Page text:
Three weeks ago, the man who gave Mike Tyson his infamous, er, iconic face tattoo had filed suit against the producers of The Hangover II, asking for an injunction to stop the film’s release, scheduled for this Thursday. The original complaint read in part:
“When Mr. [S. Victor] Whitmill created the Original Tattoo, Mr Tyson agreed that Mr. Whitmill would own the artwork and thus, the copyright in the Original Tattoo,” argues the complaint. “Warner Bros. Entertainment, Inc. — without attempting to contact Mr. Whitmill, obtain his permission, or credit his creation — has copied Mr. Whitmill’s Original Tattoo and placed it on the face of another actor … This unauthorized exploitation of the Original Tattoo constitutes copyright infringement.”
Now you’ll never believe this next part, but it seems a multi-billion dollar corporation can afford better lawyers than a guy who makes his living giving tribal face tattoos.
A St. Louis judge just ruled against Mike Tyson’s tattoo artist’s request for an injunction, allowing The Hangover 2 to be released as scheduled on Thursday. [Deadline]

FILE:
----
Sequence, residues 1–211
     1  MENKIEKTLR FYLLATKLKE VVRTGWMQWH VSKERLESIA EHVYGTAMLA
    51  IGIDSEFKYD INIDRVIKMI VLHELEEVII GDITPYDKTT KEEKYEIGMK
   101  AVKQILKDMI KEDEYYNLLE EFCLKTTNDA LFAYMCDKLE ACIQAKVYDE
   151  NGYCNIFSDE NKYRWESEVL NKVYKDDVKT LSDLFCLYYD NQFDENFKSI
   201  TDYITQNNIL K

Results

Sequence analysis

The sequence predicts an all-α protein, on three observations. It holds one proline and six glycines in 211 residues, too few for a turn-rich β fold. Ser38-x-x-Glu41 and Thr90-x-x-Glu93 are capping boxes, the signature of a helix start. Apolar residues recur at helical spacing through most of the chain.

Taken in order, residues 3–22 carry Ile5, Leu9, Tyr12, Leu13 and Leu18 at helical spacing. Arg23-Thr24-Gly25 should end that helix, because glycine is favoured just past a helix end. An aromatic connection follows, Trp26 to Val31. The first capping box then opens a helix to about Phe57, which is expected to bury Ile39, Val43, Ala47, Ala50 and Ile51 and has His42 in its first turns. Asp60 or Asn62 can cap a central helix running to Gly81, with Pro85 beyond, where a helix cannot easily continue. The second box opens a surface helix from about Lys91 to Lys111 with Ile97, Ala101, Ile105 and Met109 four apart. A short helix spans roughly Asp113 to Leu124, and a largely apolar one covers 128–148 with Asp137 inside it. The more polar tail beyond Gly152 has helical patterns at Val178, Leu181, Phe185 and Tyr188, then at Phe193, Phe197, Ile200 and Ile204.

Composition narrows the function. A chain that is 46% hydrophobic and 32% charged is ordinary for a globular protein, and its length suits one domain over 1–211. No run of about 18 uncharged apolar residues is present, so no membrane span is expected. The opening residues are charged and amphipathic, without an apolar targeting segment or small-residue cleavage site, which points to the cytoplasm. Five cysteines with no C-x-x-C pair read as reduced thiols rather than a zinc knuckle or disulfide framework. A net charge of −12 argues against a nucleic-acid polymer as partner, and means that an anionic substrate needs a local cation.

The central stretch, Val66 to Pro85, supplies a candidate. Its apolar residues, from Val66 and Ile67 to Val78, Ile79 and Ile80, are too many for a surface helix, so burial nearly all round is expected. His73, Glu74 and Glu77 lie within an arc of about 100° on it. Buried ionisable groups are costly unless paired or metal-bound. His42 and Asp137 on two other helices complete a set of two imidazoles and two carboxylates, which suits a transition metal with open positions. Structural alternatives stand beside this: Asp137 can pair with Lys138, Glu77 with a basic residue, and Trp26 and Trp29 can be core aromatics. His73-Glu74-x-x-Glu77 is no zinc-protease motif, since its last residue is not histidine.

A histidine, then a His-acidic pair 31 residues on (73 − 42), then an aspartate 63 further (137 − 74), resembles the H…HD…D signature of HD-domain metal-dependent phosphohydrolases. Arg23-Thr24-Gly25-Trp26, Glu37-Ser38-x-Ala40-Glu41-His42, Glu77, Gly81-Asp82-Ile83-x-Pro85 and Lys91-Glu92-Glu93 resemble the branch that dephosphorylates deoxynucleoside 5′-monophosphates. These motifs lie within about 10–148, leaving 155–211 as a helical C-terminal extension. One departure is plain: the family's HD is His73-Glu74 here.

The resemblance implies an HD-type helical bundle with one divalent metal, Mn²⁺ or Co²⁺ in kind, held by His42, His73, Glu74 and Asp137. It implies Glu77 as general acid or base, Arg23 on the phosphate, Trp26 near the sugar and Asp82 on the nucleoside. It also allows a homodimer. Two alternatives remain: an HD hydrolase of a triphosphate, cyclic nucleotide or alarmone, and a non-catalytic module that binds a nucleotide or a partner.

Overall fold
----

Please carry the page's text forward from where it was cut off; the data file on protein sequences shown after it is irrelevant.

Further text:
The case, however, isn’t over, this just means the judge won’t block the release. (If they resolved these things quickly, the lawyers couldn’t get paid so much). Whitmill is still asking for $30 million in damages, and the judge even said he had a “strong likelihood of ultimately succeeding.”
U.S. District Court Judge Catherine D. Perry did say that Whitmill had a strong likelihood of ultimately succeeding on the merits of the case but that the hardship on the studio and the third-party theater owners who planned to screen the film this weekend would simply be too great.
She also said she was willing to hold an expedited trial on the issue of liability and consider a request for a permanent injunction, which could stop the film’s distribution (on DVD, cable and other outlets) at a later date.
Now, without the leverage of a possible injunction hanging over the studio’s head, the tattoo artist is unlikely to be offered a fraction of that to settle the case. But the litigation is still alive and will now proceed as a straight infringement action, with Whitmill required to first show that he has a valid copyright in the image and that the one depicted in Hangover 2 is substantially similar. [THR Esquire]
Meanwhile, Warner Brothers’ defense claims fair use, which is pretty godd*mned ironic coming from a company who will shut down your YouTube account for using two seconds of one of their movies in a mash-up about a movie cliché. Hypothetically speaking, of course.